Here's her Spin Like a Viking video, showing the stone whorl set on a wooden stick

Along with other early Scandinavian tools

And here's her medieval video, with the distaffs in the background

And medieval examples of various spindles.  She also carves and turns her own spindles, in the interest of research.

And my part-Scottish blood took a great interest in this.  In the Maritime Provinces of Canada, there is a strong Scottish influence, on the fiberarts and the different ways of spinning and plying done by our Scots foremothers.  This included a spindle called a dealgan, which she obligingly pronounces for us, like jallagan.

And here's where I learned some useful stuff I hadn't noticed before, when I was too much of a beginner at spinning to take it all in, and I hadn't even tried plying at that time.

The old Scots way of plying is to create a ply ball.  Just make a ball of the two yarns side by side, unplied, before plying.  So I did that, and found several great advantages, one being that I could spit splice as I went and get a bigger ball of yarn ready to ply, the other being that I could go on longer, adding in singles as I had finished them.

She also reminded me that you use a bigger spindle for plying than you did for the spinning, which I had found out recently by discovering it was hard to ply with the same size spindle as the spinning was done on. Also your big spindle is waiting for the next supply, and you can get on with spinning on your smaller ones.

So here's the result, two smaller spindles in the picture for comparison. And a nicely plied length of yarn waiting for additions, part of which is on the new spindle on the right.

A well spent morning, and if it encourages you to try your hand, good.  If you just want to be entertained by Lois, good, too, she's very knowledgeable but also funny, a great combo, I'd say. She explains that she's a good teacher because she's made all the mistakes so she knows what she refers to as spinning tragedies!

If you're interested in research, be aware that the internet is packed with misinformation on the fiber arts often written by people who literally don't know that spinning is one thing and weaving another.  Or that it's impossible for the princess to have been pricked by a spindle or any other part of a spinning wheel, which shows how reliable fairytale writers were, too!  Stick with people like Lois and her references.  You'll do better.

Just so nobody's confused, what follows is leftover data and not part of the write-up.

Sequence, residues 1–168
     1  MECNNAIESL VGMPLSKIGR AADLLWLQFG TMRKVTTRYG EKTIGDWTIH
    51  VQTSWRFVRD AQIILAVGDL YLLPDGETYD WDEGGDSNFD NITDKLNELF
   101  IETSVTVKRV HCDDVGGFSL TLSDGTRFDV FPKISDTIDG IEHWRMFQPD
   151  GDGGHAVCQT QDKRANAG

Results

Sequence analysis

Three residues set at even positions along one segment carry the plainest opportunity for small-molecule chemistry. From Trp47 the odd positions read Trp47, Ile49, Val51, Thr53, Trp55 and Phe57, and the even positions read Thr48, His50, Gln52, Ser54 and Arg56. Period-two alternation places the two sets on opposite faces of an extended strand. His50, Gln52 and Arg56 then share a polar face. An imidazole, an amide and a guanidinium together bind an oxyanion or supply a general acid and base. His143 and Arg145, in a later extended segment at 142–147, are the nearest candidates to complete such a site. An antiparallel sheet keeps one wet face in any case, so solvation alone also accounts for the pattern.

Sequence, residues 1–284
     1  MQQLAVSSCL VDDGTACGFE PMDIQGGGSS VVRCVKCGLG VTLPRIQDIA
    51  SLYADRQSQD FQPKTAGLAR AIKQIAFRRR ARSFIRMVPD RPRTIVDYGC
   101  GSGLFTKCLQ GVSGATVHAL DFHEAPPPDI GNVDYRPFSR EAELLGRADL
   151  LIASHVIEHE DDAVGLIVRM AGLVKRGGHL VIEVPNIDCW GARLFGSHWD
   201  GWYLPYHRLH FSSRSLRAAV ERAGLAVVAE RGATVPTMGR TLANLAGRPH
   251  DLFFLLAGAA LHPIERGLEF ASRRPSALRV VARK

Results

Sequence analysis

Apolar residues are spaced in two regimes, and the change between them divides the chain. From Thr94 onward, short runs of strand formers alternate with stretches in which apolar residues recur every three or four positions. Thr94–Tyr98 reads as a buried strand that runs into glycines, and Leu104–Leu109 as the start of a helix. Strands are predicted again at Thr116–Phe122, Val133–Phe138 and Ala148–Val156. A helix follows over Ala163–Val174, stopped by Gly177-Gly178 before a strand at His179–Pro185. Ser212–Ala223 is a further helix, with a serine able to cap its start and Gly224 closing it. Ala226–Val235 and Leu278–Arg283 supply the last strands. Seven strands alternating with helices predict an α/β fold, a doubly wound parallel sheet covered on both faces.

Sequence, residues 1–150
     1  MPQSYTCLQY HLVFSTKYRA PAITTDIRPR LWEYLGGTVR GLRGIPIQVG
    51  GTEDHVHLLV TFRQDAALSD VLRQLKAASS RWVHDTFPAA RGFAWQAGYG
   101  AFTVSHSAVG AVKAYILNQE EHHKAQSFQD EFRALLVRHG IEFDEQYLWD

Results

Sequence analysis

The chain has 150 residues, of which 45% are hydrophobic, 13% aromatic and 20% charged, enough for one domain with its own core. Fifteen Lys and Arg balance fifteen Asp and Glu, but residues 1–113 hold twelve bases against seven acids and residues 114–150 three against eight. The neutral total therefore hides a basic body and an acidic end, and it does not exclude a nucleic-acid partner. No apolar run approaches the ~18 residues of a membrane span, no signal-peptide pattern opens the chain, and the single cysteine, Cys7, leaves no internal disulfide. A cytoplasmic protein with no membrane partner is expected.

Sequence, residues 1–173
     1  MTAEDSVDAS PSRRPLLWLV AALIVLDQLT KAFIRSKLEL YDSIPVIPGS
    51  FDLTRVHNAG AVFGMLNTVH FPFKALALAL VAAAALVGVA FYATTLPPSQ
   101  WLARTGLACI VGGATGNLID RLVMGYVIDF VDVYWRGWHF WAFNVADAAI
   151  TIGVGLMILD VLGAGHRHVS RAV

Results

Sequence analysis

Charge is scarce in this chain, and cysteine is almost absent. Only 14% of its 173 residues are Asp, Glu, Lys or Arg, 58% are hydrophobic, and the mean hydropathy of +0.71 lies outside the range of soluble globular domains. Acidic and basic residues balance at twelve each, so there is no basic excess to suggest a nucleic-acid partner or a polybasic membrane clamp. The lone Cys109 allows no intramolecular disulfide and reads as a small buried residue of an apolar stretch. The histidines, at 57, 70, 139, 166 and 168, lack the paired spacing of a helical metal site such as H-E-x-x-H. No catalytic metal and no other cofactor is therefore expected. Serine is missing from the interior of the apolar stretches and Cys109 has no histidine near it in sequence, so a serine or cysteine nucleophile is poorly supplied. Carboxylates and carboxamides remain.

Friday, November 27, 2020

Inbox reveal

 You saw this on Field and Fen

And here's the rest of the story.  As you see, signed and personalized by the maker; Akerworks  is a small company

It's my birthday present to me from moi.  A geranium spindle, modular, you pick the color and style of the whorl. I think the whorl, that's the roundish bit that's not the shaft, is 3D printed. And you choose the shaft length. And the parts are a perfect, snug fit.

This whorl can be slid up and down the shaft, depending on whether you like to spin with a high whorl, like here, which I do, or a low whorl, which some people do, and I don't.  My wooden Schacht spindles can be switched to turn whichever way you want, the hook at the top of the whorl, and there's a groove incised in the bottom to hold the yarn if you like the bottom whorl way instead.

So I quickly assembled the two pieces, and went for a test drive.  I had seen this in use on YouTube, and was impressed by the speed  the spinning teacher could get on the spindle without a lot of effort.  I find that my wooden ones need enough pressure that I get a bump on my finger where it keeps having to apply pressure on the turning motion. But I wondered if this is a user problem, and if the new one would be as laborious for me as the wooden ones.

But look. This spindle has that thing at the base of the shaft, see it?  to hold for the flicking movement.  And after my first try, I have to say this is the Lambo of spindles.  Compared to this, my Schachts, much as I love them, are more the Honda Civic, trustworthy, reliable, will never get up a turn of speed, at least for me.

There are a couple of other advantages, too, to this shape, but no need to go into every detail.  Just call me a happy customer of the folks at Akerworks.

I've been promising myself one of these for ages and ages, and finally thought, why not, you're worth it. So I did.

Wednesday, November 25, 2020

When the student is ready, the teacher appears

 In this case the teacher, or a series of them, is the collection of roving ends I'm spinning into plied yarn.

As you see from the cardboard tubes with spun singles on them, waiting for plying, spinning has been going on.  This represents quite a bit of spinning time.

And as always, art materials teach us as much as we're willing to learn from them.  In the case of spinning waste roving ends and tops, as I'm doing, each one has a different texture, different need from the last.

You get the hang of one lot, then it's spun, and you're onto the next, which is different, needs to be handled and drafted differently.